Today efforts to encourage innovation are found in research laboratories, factory assembly lines, quality circles, offices, government bureaucracies, service agencies, development programmes, social organizations, professional disciplines, classrooms, and health care institutions. Ways are required to support and reward innovative efforts and to spread successful innovations to other groups and wider applications. Innovation today is often linked to the strategy of participation, enabling organizations and societies to utilize more effectively all of the creative resources at their disposal. Interestingly enough, recent studies on innovations in industry suggest that most new applications and industrial products today are conceived not in research laboratories but by end-users who are faced with trying to invent new solutions to real needs.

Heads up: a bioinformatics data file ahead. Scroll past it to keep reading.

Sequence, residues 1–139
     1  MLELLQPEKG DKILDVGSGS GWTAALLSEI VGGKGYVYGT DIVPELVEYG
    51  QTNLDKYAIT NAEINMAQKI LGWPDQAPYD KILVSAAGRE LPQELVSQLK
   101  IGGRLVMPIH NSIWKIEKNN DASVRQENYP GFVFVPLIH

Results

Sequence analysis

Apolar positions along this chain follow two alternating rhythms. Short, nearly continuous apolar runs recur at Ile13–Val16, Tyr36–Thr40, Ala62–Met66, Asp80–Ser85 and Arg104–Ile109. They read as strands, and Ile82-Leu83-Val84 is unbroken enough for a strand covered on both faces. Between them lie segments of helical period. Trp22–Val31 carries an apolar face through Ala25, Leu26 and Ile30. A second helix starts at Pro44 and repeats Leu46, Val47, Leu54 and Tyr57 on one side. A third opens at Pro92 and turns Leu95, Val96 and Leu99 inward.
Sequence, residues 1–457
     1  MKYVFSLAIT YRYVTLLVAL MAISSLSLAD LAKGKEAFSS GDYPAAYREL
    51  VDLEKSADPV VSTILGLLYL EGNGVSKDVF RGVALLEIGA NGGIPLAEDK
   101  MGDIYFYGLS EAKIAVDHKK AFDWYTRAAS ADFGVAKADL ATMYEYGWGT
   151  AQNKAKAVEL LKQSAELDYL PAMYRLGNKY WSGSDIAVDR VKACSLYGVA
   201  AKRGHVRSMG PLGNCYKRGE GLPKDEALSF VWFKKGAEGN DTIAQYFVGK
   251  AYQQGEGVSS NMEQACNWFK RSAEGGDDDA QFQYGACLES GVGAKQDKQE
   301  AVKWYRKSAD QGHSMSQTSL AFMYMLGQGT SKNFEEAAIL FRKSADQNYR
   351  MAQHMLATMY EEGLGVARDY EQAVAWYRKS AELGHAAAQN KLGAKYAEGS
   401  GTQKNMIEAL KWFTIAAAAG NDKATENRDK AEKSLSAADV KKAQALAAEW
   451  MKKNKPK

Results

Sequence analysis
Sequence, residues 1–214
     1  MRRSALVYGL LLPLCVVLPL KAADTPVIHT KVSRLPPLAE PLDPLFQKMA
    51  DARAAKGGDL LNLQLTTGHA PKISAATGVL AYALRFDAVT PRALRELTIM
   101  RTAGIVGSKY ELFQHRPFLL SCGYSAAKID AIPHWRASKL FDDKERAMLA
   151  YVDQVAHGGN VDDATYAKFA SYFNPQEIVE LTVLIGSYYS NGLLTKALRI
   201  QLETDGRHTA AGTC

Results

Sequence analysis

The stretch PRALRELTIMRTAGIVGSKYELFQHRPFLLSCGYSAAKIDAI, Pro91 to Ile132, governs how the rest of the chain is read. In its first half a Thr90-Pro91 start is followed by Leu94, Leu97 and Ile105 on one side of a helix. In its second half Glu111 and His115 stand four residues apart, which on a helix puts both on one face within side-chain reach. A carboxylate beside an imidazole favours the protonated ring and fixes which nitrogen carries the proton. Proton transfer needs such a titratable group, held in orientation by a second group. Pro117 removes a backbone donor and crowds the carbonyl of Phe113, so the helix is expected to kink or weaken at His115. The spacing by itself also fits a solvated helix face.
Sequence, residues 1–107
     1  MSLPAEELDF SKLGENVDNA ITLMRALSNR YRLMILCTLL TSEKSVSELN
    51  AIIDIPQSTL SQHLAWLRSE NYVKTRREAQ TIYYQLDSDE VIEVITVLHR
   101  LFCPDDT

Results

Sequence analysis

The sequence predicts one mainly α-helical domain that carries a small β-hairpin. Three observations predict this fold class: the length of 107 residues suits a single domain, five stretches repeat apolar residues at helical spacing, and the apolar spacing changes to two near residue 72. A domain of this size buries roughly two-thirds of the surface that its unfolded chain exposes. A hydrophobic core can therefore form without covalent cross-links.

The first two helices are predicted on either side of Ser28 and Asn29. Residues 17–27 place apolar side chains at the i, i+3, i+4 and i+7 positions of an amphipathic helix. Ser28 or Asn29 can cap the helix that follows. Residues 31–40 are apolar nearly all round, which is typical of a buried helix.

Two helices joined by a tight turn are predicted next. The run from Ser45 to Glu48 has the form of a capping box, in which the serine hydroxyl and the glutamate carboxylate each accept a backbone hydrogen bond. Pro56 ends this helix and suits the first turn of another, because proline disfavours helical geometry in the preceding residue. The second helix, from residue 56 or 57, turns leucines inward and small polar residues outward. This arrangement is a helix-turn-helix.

2. Insofar as innovation is a natural human propensity, this strategy can base its power and impact on making the process conscious and controlling the process so as to support the broader aims of the organization or society.
3. "The secret to creativity is knowing how to hide your sources." (Albert Einstein).
4. To destroy is always the first step in any creation. (e.e. cummings).
2. Innovation can lead to an endless variety of improvements and adjustments. Without careful management and control, it may channel the energy and resources for profound social transformation into directionless and piecemeal tinkering.